- Set Annual Objectives – Setting long term goals and objectives is extremely important with Hoshin Kanri. Having these objectives allows teams to take on large projects that will have major impacts on the business. Depending on the specifics of the project, it is also sometimes necessary to have quarterly or semi-annual objectives set as well.
- Deploy via Catchball – The catchball process gets its name from two people tossing a baseball back and forth. The idea is that when implementing a Hoshin Kanri process, it should be done by developing a consensus on how objectives are met between management and front line employees. The two groups can get together and discuss expectations and implementation strategies, so both can get on the same page. This helps to avoid misunderstandings and problems down the road.
- Review Results Weekly, Monthly and Annually – Frequent reviews of results can have an excellent impact on the way things are done. By having regularly scheduled reviews, everyone knows that they have to stay on schedule with their responsibilities. It also gives everyone the opportunity to ask for help or make adjustments to the process where needed very quickly.
- Problem Solving – No project ever goes smoothly, and it is known that there will be problems with any Hoshin Kanri process. In the regularly scheduled review sessions, problems can be identified, and solutions proposed. Solving these types of issues as soon as possible helps to avoid larger issues or delays in the future.
- Reflect & Learn – Whether at the very end of a Hoshin Kanri project, or at any time throughout, it is good to reflect on the problems, successes, and overall experience by everyone involved. Learning about what went well, where problems occurred, and finding other improvement opportunities will help foster an environment of constant improvement throughout the facility.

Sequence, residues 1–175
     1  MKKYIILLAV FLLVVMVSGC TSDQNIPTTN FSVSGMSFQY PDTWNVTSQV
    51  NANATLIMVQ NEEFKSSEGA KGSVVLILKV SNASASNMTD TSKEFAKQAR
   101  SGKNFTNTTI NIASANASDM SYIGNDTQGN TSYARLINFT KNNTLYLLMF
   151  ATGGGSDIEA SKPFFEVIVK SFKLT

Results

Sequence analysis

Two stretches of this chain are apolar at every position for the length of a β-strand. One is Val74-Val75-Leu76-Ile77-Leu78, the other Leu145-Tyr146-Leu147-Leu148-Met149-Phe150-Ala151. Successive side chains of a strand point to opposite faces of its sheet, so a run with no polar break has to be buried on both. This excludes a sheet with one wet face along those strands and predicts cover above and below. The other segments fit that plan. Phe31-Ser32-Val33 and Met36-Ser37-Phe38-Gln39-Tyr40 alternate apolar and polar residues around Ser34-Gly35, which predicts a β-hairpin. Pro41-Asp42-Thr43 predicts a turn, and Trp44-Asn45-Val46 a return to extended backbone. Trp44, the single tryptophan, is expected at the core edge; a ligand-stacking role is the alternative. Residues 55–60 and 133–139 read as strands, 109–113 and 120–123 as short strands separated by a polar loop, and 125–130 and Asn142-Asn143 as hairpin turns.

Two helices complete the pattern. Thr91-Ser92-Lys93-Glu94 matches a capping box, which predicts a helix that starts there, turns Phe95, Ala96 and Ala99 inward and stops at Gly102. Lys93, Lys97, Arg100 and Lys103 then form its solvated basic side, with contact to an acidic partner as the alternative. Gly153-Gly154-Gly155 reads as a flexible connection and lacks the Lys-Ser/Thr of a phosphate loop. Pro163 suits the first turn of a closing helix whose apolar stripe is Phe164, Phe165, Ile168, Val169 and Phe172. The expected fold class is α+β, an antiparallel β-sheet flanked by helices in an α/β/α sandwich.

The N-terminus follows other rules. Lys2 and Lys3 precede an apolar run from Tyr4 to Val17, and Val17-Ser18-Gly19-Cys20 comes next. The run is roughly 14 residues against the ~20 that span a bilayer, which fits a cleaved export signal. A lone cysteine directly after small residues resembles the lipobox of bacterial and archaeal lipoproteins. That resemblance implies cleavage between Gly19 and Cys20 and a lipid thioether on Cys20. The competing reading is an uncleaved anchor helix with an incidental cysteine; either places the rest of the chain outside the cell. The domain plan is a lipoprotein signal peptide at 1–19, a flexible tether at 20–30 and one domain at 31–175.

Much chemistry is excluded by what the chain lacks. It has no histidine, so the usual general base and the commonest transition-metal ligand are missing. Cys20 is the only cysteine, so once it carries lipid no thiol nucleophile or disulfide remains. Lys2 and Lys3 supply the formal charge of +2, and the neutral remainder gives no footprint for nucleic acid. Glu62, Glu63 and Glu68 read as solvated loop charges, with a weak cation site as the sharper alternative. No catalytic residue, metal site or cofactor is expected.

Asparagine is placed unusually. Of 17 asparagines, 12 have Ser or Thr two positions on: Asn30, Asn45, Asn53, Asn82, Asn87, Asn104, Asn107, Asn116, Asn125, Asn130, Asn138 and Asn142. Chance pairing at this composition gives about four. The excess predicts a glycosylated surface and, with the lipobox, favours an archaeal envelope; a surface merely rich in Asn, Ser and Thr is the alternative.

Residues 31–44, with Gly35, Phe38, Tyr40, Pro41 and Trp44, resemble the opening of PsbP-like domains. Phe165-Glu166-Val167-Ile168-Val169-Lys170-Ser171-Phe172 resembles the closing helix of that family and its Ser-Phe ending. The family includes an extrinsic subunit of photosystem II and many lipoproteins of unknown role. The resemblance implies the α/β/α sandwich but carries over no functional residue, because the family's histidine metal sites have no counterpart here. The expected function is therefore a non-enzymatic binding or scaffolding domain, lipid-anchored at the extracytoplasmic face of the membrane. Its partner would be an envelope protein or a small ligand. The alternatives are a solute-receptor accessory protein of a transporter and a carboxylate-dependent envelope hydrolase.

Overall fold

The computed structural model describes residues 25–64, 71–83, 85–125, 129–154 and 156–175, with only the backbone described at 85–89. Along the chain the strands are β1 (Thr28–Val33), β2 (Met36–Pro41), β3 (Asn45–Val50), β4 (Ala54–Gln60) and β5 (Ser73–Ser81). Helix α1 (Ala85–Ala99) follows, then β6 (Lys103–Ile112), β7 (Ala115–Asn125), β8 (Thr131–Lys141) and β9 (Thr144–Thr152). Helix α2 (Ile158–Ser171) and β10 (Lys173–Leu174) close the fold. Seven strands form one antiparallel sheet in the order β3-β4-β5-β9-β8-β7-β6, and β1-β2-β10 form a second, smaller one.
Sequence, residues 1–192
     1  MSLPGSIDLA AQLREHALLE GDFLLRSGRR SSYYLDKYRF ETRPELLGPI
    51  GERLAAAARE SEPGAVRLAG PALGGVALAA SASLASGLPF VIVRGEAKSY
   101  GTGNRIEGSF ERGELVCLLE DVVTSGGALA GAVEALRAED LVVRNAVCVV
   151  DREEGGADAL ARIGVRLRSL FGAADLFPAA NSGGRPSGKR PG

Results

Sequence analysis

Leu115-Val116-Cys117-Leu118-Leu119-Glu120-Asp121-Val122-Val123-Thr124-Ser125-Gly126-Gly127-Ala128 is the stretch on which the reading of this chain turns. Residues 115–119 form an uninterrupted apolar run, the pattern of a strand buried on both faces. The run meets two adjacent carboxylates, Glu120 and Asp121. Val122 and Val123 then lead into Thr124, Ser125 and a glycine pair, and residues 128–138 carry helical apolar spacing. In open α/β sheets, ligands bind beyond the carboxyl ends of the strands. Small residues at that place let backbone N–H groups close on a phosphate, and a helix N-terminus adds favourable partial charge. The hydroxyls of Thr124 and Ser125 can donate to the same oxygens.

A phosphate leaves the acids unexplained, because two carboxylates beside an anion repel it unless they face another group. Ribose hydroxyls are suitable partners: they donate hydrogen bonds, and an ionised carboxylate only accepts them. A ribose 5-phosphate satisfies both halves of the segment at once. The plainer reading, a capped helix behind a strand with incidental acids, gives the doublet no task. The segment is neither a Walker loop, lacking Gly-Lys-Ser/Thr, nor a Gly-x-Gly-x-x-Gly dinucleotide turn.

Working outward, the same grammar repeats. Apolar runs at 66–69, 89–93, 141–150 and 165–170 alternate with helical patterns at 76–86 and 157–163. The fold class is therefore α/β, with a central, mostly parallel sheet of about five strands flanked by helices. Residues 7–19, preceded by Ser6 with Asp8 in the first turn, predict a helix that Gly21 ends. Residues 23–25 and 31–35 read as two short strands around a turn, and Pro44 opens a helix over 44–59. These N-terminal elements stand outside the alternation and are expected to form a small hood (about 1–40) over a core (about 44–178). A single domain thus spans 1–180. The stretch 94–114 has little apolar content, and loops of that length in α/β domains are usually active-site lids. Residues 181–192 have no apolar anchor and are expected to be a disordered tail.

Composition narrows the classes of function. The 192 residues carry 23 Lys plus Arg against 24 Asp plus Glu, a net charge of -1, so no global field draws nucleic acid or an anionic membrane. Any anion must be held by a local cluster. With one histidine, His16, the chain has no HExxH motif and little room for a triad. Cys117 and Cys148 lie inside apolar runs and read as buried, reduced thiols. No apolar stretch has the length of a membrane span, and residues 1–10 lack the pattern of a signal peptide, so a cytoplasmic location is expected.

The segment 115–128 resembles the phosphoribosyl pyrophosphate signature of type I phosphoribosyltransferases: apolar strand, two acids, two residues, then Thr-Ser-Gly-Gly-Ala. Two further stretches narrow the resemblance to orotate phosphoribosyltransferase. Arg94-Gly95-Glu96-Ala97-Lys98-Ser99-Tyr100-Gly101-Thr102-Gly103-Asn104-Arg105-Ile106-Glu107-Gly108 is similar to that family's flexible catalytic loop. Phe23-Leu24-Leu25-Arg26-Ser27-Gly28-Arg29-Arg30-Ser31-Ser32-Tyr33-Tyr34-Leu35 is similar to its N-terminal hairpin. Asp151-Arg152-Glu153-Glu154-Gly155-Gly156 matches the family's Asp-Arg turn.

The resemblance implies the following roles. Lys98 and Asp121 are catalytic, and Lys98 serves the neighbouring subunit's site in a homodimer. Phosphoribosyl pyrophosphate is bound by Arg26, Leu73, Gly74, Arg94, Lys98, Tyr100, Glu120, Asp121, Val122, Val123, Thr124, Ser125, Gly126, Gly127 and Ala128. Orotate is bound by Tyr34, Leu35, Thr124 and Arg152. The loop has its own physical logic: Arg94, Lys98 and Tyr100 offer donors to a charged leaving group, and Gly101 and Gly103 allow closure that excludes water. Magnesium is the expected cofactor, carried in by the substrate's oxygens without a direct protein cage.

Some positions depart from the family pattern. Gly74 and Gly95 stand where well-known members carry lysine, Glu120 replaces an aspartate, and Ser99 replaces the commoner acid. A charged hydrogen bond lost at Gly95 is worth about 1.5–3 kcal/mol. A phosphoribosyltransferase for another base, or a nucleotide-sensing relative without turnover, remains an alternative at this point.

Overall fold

Implementing Hoshin Kanri
Many facilities implement Hoshin Kanri as part of an overall move toward lean manufacturing. This is a great time to put these practices in place. If a facility is already running other lean strategies, however, Hoshin Kanri can be added in at any time. Ideally, facilities should find one or two primary implementers to help train others on how the process will work. Providing training to everyone involved, and taking the initial implementation slowly at first will help to ensure the first Hoshin Kanri process is a success.
Keep in mind, Hoshin Kanri concepts can actually be used to implement Hoshin Kanri itself. There is no need try to invent a way to start using these methodologies. By following the seven Hoshin Kanri steps, implementation will be simple, and successful.
While it may sound complicated at first, Hoshin Kanri will actually simplify many activities throughout the facility. It helps to bring management and employees together, so they can work toward common goals. It also helps by providing a clear roadmap of how things are done, and what to do when problems arise. Give Hoshin Kanri a try in your facility, and join the thousands of other companies that are enjoying the many benefits. If your looking for a training DVD on an introduction to LEAN, “The Errand Run” is a great DVD that will give your audience the main concepts for applying lean principles.
A great video from Gemba Academy on how to Apply Hoshin Kanri:
- 5 Value Added Tips for a Lean Warehouse
- Jump Start your 5S Program
- 8 Requirements for Six Sigma Success
- Standardized Work
- 5S The Best Lean Starting Point? Yep, And Here’s Why
- 5 Things You should Know about Six Sigma Belts
- Understanding Hoshin Kanri– creativesafetysupply.com
- Hoshin Kanri– lean-news.com
- Strategic Planning with the Hoshin– blog.creativesafetysupply.com
- Importance of Catchball– blog.5stoday.com
- The 5 Ingredients to Sustaining 5S– kaizen-news.com
- Lean Manufacturing Implementation – The First 5 Steps– iecieeechallenge.org